When you are the owner of a business, it is generally a poor idea to alienate one of your primary demographics. For instance, if you own a store that sells nothing but leather motorcycle vests you probably don't want to go on social media and decry the Hell's Angels. Also, if you own a yarn store, even in Tennessee, you probably don't want to go on social media and announce that you do not want any wimmen's libbers shopping in your store, being that we make up, if not a majority, at least a pretty good segment of knitters, crocheters and other yarn crafters. But that is what one yarn shop owner in Tennessee has decided to do!

Elizabeth Poe, owner of "The Joy Of Knitting" in Franklin, Tennessee, put up a Facebook post announcing that she didn't want no vile feminists buying her yarn! Because she is a Christian! And thus, apparently, way more offended by women buying yarn to make hats with cat ears on them than she is by a President who is fond of grabbing women by the pussy without their consent. Just as Jesus would have been!

With the recent women's march on Washington, I ask that you if you want yarn for any project for the women's movement that you please shop for yarn elsewhere. The vulgarity, vile and evilness of this movement is absolutely despicable. That kind of behavior is unacceptable and is not welcomed at The Joy of Knitting. I will never need that kind of business to remain open. Two wrongs will never ever make it right.

As the owner of this business and a Christian, I have a duty to my customers and my community to promote values of mutual respect, love, compassion, understanding, and integrity. The women's movement is counterproductive to unity of family, friends, community, and nation.

I do pray for these women. May the God work out His love in their hearts and continue to heal and unite Americans.


Well gee! At least she didn't accuse us of encouraging women to "leave their husbands, kill their children, practice witchcraft, destroy capitalism and become lesbians"?

Elizabeth Poe, by the way, has feminists to thank for the fact that owning a yarn store is any kind of profitable business these days. I'm sorry, but knitting and crocheting were not exactly "cool" things to do for quite some time before "the women's movement" got in on it. Perhaps most notably, BUST editor Debbie Stoller's books on knitting and crocheting were largely responsible for bringing the yarn arts to the attention of a new generation.

But never mind that! If she wishes to only sell yarn to non-feminists, I suppose that is her prerogative. I like how she specified that she only did not want to sell yarn to women making projects "for the women's movement" -- as if anyone who supports "the women's movement" would continue to shop there otherwise, for making non-women's movement related projects. Because I will bet you that's not going to happen.

I have no way of knowing what Poe's Yelp reviews were like last week, however as of right now she has a one-star rating, most likely due to this charming missive. Should you have some spare time to kill today, perhaps you'd like to share some thoughts on there as well!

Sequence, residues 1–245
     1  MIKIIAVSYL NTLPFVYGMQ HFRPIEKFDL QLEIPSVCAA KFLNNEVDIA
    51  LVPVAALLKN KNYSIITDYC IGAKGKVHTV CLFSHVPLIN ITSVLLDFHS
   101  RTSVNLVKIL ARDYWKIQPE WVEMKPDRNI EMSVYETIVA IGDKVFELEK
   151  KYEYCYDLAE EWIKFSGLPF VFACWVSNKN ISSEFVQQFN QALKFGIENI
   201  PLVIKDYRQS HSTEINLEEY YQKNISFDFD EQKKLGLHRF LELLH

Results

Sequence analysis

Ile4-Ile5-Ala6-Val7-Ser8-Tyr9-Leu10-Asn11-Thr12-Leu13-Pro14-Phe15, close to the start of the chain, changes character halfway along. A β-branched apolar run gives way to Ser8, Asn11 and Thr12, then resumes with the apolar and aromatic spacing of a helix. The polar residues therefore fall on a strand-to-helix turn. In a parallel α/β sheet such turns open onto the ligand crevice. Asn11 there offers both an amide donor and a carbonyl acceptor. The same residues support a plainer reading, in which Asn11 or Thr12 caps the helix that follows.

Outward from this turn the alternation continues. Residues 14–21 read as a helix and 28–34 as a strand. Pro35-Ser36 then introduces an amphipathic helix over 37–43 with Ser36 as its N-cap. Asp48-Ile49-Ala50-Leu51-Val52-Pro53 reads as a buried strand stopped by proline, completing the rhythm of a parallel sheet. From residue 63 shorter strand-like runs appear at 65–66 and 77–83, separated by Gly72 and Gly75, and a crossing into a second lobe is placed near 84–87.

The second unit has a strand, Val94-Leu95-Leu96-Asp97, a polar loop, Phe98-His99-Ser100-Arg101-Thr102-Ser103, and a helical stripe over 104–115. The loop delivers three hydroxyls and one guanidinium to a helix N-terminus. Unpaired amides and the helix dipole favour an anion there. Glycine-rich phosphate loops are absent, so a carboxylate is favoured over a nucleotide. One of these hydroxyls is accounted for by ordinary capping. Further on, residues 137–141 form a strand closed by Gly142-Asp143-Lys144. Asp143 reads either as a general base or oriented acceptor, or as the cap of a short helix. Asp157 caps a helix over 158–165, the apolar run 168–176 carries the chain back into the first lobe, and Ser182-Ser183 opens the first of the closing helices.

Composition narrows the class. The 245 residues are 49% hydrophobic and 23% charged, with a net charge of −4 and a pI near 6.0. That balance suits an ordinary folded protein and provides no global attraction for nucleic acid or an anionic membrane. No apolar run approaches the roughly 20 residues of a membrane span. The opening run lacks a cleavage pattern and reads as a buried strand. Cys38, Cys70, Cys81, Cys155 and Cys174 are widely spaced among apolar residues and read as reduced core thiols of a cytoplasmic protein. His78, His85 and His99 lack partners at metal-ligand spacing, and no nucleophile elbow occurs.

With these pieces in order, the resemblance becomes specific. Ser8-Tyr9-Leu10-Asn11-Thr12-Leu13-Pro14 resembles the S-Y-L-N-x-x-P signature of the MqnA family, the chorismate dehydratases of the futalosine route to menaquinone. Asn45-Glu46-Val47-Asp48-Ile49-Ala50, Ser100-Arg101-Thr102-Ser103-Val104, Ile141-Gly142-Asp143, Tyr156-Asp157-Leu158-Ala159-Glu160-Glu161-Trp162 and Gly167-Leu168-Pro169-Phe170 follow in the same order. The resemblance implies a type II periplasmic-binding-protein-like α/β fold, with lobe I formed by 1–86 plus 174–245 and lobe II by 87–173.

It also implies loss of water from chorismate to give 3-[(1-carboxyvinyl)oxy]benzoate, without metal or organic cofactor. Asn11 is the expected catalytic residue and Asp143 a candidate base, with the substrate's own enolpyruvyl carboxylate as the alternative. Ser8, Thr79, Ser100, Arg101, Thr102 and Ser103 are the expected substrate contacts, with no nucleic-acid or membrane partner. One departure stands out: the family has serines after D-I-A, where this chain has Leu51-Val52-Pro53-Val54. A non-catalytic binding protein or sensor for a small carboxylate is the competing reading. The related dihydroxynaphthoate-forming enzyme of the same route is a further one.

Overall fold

Robyn Pennacchia

Robyn Pennacchia is a brilliant, fabulously talented and visually stunning angel of a human being, who shrugged off what she is pretty sure would have been a Tony Award-winning career in musical theater in order to write about stuff on the internet. Previously, she was a Senior Staff Writer at Death & Taxes, and Assistant Editor at The Frisky (RIP). Currently, she writes for Wonkette, Friendly Atheist, Quartz and other sites. Follow her on Twitter at @RobynElyse

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It started with them damn hats. (Image: Wikimedia Commons)

A guest post by "Knitsy McPurlson," which we suspect is not a real name.

Yr Wonkette is not the only website run by brilliant peoples unafraid to poke people with sharp, pointy sticks. – a website for knitters, crocheters, and other folks interested in textiles and fiber arts – is poking people with knitting needles, which are very sharp indeed.

This past weekend,'s founders showed the world how easy it is to de-platform white nationalists and racists when they banned all "support of Donald Trump and his administration" from their website, concluding they "cannot provide a space that is inclusive of all and also allow support for open white supremacy." Seems like people smart enough to decode a knitting pattern are also smart enough to decode Trump's not-so-hidden message of racism and white nationalism.

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"Bubbie," they'll say, "how could this happen in America? How could there be toddlers sleeping on the ground without blankets, without soap or toothbrushes to clean themselves?"

"I don't know. I wish I had done more. I'm ashamed," I'll say. We will all have to answer for this atrocity. But some of us will have to answer more than others. Not just the archvillains like Stephen Miller and John Kelly, but the people who kept right on doing their jobs, even as those jobs morphed into defending concentration camps.

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